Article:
Cover image for The range eternal
The range eternal
Erdrich, Louise.
Personal Author:
First edition.
Publication Information:
New York : Hyperion Books for Children, [2002]

Physical Description:
1 volume (unpaged) : illustrations ; 26 cm
Program Information:
Accelerated Reader AR LG 5.0 0.5 65198.
Format :


Call Number
Material Type
Home Location
Item Holds
PIC. BK. Juvenile Fiction Central Closed Stacks

On Order



In the thick of the Turtle Mountains, inside one family's little cabin, stood The Range Eternal. The woodburning stove provided warmth and comfort, delicious soups, and hot potatoes to warm cold hands on frozen winter mornings. It provided a glowing screen for a young girl's imagination, and protection from the howling ice monsters in the night. But most of all, it was the true heart of the home-one the young girl never knew how much she would miss until it was gone. Louise Erdrich is the author of many acclaimed and best-selling books, including The Birchbark House, a National Book Award Finalist. She is a member of the Turtle Mountain Band of Ojibwa and lives in Minneapolis. Steve Johnson and Lou Fancher, an award-winning illustration team, have collaborated on many picture books, including My Many Colored Days by Dr. Seuss; Cat, You Better Come Home by Garrison Keillor; Horsefly by Alice Hoffman; and Robin's Room by Margaret Wise Brown.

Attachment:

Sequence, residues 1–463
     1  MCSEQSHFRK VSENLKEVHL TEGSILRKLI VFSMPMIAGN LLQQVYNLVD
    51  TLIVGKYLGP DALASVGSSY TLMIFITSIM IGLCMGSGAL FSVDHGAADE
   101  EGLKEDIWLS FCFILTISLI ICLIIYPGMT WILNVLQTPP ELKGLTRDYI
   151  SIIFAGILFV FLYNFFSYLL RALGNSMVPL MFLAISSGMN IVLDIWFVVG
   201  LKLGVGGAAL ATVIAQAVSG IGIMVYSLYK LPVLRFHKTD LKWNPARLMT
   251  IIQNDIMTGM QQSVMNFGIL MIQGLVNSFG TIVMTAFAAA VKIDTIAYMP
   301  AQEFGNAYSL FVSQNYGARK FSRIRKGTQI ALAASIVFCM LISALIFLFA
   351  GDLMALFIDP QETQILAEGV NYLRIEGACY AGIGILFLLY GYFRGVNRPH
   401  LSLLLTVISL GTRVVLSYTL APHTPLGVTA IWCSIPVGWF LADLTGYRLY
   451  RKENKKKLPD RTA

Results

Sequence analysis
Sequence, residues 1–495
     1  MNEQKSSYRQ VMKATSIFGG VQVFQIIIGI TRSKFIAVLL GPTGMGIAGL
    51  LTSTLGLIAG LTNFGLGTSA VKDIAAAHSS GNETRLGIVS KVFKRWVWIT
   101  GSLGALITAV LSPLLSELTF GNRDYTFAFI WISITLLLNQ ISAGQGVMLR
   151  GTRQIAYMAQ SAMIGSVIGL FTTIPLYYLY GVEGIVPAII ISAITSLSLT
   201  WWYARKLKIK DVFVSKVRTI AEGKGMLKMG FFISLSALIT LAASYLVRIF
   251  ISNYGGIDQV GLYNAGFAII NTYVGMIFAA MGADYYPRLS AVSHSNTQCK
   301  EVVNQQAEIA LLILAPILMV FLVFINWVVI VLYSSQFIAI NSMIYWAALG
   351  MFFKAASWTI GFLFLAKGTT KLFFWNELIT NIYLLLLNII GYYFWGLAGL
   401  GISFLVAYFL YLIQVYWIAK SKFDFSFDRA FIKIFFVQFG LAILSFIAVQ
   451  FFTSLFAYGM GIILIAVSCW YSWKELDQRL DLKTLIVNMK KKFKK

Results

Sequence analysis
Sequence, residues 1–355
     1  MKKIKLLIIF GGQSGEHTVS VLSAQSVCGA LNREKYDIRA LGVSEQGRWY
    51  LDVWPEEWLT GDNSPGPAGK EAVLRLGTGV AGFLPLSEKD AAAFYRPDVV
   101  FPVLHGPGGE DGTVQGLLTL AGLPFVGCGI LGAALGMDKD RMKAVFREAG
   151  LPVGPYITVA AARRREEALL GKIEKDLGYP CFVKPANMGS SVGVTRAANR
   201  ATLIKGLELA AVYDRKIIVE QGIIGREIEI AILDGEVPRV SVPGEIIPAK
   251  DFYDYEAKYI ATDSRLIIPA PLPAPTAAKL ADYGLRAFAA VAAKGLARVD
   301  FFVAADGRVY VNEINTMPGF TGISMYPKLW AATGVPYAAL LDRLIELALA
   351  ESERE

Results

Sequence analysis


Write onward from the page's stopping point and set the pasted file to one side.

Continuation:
Author Notes

Karen Louise Erdrich was born on June 7, 1954 in Little Falls, Minnesota. Erdrich grew up in Wahpeton, North Dakota, where both of her parents were employed by the Bureau of Indian Affairs. She is a member of the Turtle Mountain Band of Chippewa. Erdrich graduated from Dartmouth College in 1976 with an AB degree, and she received a Master of Arts in creative writing from Johns Hopkins University in 1979.

Erdrich published a number of poems and short stories from 1978 to 1982. In 1981 she married author and anthropologist Michael Dorris, and together they published The World's Greatest Fisherman, which won the Nelson Algren Award in 1982. In 1984 she won the National Book Critics Circle Award for Love Medicine, which is an expansion of a story that she had co-written with Dorris. Love Medicine was also awarded the Virginia McCormick Scully Prize (1984), the Sue Kaufman Prize (1985) and the Los Angeles Times Award for best novel (1985).